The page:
Garyn was my bodyguard. He nodded at Keven as we exited, indicating he'd take over from here. I'd been with him a long time. He was first assigned to me back when I was serving my mandatory ten years with the guild and once that was done, we went independent together. He introduced me to Captain Roi and I signed on with the massive cargo transport ship three years ago. It was a comfortable enough job. There was no threat of being assigned to military duty, as had been the case with the guild.
I leaned on his arm as we walked and he supported some of my weight, letting me pick our pace. He was a tall man with an otherwise average build, his brown hair scruffy and a bit of stubble on his chin. When we were on the ship, he carried a pistol at his waist. When we were off the ship, he carried an assault rifle as well. My short hair, the implants visible alongside my eyes and at the base of my skull – it was obvious what I was. I was too valuable to risk in any way.
It assured for me a comfortable life. My quarters were smaller than only the captain's, with a sitting room adjacent to my bedroom. Garyn was stationed just across the hall, in case I should need him at a moment's notice. There was a bracelet I wore on my wrist that I could use to signal him at any time. I put this one while he called to the kitchen to bring me something to eat, and then to Captain Roi that I was up and could speak with him now. The food arrived first. I was already well into my meal when the captain arrived. He glanced around the room first, as if taking it in for the first time. A nervous gesture. I had little in the way of personal effects. I spent too much time inside the mind of the ship to feel much attachment to my own quarters. Then he came and seated himself at the table opposite me, taking up the only other available chair. Garyn hovered by the door, discreetly out of the way, but close enough to be intimidating. I doubted Roi was concerned. We were, after all, technically in his employ.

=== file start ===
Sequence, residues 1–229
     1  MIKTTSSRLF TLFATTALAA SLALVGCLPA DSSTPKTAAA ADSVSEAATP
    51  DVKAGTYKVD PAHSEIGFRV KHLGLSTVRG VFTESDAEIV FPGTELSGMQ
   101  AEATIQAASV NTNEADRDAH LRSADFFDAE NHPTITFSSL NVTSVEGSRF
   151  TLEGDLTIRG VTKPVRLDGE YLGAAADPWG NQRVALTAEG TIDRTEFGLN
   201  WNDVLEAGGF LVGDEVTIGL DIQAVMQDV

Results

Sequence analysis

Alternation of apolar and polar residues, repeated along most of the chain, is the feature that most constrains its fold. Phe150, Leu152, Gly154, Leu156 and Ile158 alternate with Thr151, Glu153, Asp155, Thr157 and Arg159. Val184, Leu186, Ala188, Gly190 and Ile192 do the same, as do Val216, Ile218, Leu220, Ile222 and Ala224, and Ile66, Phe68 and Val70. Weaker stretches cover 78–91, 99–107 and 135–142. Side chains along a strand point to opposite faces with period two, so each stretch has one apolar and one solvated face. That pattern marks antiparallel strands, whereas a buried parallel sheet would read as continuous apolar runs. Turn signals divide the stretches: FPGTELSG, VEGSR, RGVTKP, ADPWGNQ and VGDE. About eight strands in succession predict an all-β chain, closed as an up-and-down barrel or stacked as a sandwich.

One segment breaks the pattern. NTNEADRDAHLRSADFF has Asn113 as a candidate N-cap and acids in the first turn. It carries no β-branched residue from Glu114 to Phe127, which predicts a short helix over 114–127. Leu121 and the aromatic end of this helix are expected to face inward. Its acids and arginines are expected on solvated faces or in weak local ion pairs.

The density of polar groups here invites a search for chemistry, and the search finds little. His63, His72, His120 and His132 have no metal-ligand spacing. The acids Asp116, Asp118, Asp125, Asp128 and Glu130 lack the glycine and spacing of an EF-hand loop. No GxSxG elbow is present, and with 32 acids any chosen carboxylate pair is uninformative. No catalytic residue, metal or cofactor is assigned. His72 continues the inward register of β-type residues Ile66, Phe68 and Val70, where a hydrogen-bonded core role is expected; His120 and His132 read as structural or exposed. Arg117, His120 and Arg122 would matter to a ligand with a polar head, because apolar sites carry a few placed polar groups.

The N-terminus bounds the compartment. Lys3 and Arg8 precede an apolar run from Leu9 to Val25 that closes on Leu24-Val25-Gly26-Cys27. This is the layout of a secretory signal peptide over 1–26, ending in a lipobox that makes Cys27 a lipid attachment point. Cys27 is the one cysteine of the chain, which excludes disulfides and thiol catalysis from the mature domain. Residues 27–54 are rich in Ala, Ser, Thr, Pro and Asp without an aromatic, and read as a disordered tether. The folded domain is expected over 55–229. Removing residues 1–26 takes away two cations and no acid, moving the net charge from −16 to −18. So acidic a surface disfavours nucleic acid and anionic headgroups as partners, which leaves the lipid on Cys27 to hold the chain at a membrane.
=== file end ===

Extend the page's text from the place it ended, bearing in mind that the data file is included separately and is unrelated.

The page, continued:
“We should have stopped at Hebus,” the captain said.
“We've had this conversation already,” I replied quietly.
“Have you looked in a mirror yet?”
“I'm fine. The life support-”
“-is only that,” he interrupted, “You've clearly lost weight. You look terrible. You were in there too long.”
“We've got deadlines-”
“Screw the deadlines! We're not transporting perishables and the agreement was for a window, anyway. Everyone knows we have to make allowances for the shortage on pilots right now, that's just part of doing business. Next time I say we stop at a port, we stop. I can't have you too weak to fly.”
“Captain,” I said evenly, looking up to meet his eyes. He was a thin man, not terribly imposing, but his gaze was sharp and intelligent. “Hebus has a strong military presence and the guild's word there doesn't count for much. They'd enlist me and ignore any protest the guild lodged with them.”
“I wouldn't allow that.”
“You couldn't stop them, what are you going to do, take on the whole damn navy?”
“We need a second pilot.”
“We're not going to get one. There's too many ships out there needing one, someone will always be willing to pay more.”
He sighed and stared at the table. I realized, then, that he wasn't here to complain about my refusal to drop out of deep space to take a breather and unplug from the ship. He was simply complaining about how things were, how unavoidable our situation was. I listened with only a slight measure of attention as he described his plans for while we were docked in orbit, how long it would take to unload and the contracts he was considering for our next voyage. It mattered little to me. I wouldn’t be needed until we were set to depart again, when I would again return to my world of metal and wires and lose myself to the ship. I informed him, just before he departed, that I would go planet-side the next day. Once I'd rested a bit. The captain hesitated and looked over at Garyn.
“That's fine,” he said, “Keep her out of the bad areas, okay?”
“I know what I'm doing,” Garyn replied.